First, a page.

overbreeding strains: how we've weeded out the benefits

Canna cultivation has evolved significantly over the years, with breeders continually striving to create new and unique strains. However, the pursuit of novelty and high potency has led to overbreeding.

Overbreeding refers to the excessive and often indiscriminate crossing of cannabis plants to achieve specific characteristics. While this approach may yield desired traits, it also poses a serious risk of breeding out the beneficial components of the plant.

One of the most concerning outcomes of overbreeding is the potential loss of medicinal properties in canna strains. Cannabinoids such as CBD and THC are well-known for their therapeutic effects, including pain relief, anti-inflammatory properties, and stress reduction.

However, excessive breeding for high THC content can lead to reduced CBD levels, diminishing the potential medicinal benefits of the plant. Balanced CBD-to-THC ratios have shown promise in treating various medical conditions, and losing this balance can be detrimental to patients seeking specific therapeutic effects.

The overemphasis on THC has caused growers to neglect other valuable cannabinoids and terpenes that work synergistically to create the "entourage effect". Breeding for high THC potency has not only compromised the integrity of the plant's medicinal properties but also presents health risks for consumers.

Recent studies have linked the use of high-potency THC products to cannabis use disorder, addiction, and an increased risk of developing cannabis-induced psychosis. This condition, characterised by hallucinations or delusions, can persist for months, especially in individuals with underlying mental disorders such as schizophrenia.

Breeding practices centred solely around maximising THC content have raised concerns about the genetic diversity and long-term viability of various strains. By prioritising THC over other cannabinoids and terpenes, growers have unintentionally sacrificed the natural balance found in landrace cannabis strains, which were rich in various beneficial compounds.

Moreover, the genetic modification of canna strains for high potency often involves the use of solvents and toxic chemicals, posing further dangers to consumers. The unregulated market and the race for higher THC levels have led to the creation of cannabis products that are far removed from their natural state.

Overbreeding also results in a limited gene pool, as breeders prioritise specific traits at the expense of genetic diversity. A reduced gene pool makes cannabis plants more vulnerable to diseases, pests, and environmental stress. Additionally, the loss of genetic diversity hampers the plant's adaptability to changing environmental conditions, increasing its susceptibility to future challenges, such as climate change or new pests.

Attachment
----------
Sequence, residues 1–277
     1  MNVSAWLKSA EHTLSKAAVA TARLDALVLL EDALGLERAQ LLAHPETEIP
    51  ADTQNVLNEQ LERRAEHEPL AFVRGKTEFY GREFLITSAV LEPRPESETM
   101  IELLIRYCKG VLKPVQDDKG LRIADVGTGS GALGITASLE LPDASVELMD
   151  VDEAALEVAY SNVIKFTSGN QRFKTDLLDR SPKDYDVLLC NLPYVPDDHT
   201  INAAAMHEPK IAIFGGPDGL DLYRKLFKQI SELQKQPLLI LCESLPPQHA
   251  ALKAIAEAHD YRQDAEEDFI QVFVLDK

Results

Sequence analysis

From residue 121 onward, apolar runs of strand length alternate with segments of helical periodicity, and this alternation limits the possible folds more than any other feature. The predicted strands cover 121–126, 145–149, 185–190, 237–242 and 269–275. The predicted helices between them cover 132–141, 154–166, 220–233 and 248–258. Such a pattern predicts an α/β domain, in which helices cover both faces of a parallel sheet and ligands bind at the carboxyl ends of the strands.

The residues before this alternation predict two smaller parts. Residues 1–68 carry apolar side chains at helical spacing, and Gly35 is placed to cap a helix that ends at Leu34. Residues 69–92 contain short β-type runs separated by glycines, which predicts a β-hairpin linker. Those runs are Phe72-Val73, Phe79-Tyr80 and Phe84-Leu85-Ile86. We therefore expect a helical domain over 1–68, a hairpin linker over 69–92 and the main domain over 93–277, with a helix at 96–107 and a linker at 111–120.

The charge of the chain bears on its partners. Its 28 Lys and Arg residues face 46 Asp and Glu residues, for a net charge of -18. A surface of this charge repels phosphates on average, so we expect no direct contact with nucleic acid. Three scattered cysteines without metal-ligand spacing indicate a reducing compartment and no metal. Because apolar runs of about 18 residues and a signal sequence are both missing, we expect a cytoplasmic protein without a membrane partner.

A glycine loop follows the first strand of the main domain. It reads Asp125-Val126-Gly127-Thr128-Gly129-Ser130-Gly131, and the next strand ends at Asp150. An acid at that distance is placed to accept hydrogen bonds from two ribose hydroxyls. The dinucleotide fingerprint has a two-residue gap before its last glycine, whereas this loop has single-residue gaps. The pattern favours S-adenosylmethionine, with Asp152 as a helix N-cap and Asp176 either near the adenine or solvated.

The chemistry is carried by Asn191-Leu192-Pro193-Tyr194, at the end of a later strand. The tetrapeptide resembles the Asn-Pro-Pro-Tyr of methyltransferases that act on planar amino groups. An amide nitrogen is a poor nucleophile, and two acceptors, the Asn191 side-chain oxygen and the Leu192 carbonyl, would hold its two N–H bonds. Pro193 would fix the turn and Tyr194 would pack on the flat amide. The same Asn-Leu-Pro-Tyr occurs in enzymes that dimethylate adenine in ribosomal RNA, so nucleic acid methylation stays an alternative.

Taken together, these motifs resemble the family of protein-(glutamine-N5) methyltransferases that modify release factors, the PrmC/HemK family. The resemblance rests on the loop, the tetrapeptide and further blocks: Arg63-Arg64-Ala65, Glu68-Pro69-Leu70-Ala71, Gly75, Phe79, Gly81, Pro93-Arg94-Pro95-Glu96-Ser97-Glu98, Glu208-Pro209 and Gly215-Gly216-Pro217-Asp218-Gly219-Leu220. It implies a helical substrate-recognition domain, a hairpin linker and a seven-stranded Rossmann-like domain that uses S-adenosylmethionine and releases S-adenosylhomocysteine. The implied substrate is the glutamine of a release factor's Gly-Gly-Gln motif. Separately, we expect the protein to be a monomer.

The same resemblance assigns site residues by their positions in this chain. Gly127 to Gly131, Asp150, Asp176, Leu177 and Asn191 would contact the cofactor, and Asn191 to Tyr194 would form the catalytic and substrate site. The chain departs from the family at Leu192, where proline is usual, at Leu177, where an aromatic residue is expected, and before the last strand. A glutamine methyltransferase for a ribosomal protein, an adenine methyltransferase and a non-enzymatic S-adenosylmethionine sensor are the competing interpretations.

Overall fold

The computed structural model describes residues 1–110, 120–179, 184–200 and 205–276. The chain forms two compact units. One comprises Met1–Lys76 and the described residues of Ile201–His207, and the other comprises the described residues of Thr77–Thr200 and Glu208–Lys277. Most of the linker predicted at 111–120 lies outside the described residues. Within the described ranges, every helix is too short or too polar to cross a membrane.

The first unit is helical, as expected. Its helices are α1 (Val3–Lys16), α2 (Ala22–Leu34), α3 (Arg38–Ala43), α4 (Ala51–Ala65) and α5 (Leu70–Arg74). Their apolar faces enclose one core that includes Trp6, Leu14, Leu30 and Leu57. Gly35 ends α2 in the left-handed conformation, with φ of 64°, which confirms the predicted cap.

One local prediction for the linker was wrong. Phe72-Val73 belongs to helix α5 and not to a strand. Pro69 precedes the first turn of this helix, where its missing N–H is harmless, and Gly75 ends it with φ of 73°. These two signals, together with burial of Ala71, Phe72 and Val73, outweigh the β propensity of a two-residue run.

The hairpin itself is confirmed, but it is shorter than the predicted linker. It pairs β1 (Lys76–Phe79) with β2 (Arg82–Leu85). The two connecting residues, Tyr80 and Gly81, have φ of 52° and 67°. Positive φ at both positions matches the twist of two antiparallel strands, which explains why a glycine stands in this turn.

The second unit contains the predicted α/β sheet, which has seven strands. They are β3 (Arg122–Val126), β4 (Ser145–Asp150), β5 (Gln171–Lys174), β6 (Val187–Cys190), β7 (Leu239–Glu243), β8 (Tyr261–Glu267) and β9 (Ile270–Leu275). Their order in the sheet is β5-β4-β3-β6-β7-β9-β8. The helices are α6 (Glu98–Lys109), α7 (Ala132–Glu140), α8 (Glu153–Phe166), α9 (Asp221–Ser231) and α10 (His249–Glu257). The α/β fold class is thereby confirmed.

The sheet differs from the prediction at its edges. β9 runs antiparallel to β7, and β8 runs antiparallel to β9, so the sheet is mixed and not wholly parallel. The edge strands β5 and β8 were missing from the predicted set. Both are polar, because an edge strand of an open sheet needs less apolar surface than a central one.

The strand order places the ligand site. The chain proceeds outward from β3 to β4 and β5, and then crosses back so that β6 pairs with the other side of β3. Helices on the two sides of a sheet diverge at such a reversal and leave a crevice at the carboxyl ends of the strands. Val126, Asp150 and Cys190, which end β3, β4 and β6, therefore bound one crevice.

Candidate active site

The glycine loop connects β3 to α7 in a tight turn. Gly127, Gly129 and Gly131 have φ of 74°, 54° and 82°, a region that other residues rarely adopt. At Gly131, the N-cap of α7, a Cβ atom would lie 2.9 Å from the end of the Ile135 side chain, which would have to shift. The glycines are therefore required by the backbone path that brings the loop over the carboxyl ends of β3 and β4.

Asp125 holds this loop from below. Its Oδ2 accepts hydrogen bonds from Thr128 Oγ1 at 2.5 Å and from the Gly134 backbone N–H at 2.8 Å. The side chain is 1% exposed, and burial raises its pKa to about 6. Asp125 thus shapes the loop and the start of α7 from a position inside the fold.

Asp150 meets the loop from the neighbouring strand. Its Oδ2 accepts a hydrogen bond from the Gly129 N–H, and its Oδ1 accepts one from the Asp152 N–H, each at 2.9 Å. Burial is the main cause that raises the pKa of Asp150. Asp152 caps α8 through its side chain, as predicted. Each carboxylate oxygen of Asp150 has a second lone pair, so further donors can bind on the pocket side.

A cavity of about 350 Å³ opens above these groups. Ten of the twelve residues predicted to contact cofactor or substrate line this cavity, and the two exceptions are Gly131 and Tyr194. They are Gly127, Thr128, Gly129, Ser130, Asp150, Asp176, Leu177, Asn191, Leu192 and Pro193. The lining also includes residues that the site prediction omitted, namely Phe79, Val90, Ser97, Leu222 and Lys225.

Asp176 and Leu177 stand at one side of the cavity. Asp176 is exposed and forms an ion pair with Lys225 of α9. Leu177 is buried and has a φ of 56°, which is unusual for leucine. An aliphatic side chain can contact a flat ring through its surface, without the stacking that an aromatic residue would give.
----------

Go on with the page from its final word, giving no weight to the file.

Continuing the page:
When breeders continuously select for specific traits without considering the overall health of the plant, they may inadvertently weaken the plant's natural defences. As a result, overbred cannabis strains can become more susceptible to pests and diseases, making them less resilient and requiring increased pesticide use. This vulnerability not only harms the plant but also poses risks to consumers when harmful chemicals remain in the final products.

Another concern is terpenes. These are the aromatic compounds found in cannabis, which contribute to the plant's distinct flavours and aromas. Moreover, terpenes work synergistically with cannabinoids to enhance the therapeutic potential of cannabis. Overbreeding for specific cannabinoid profiles can lead to a loss of unique terpene combinations, affecting the overall sensory experience and medicinal efficacy of the strain.

Canna is a resilient and adaptable plant, able to grow in diverse environments around the world. However, overbreeding can limit this adaptability. Strains bred for specific conditions may struggle to thrive in different environments, reducing their potential to serve as versatile crops.

Recognising that high-potency canna should be reserved for specific medical purposes, such as the use of RSO (Rick Simpson Oil) by cancer patients, is critical. Establishing THC limits and enforcing responsible breeding practices will ensure that cannabis retains its therapeutic potential while minimising potential health risks.

High-THC strains that are overbred are, while well-known, limited in their benefits. By encouraging the growth and consumption of landrace strains, we will encourage the biodiversity of the plant, as well as the diversity of benefits. The answer doesn't seem straightforward, but understanding strains and their history can keep you informed when making the best decision for your health and wellbeing. 

(Image - Alexis Rockman: The Farm)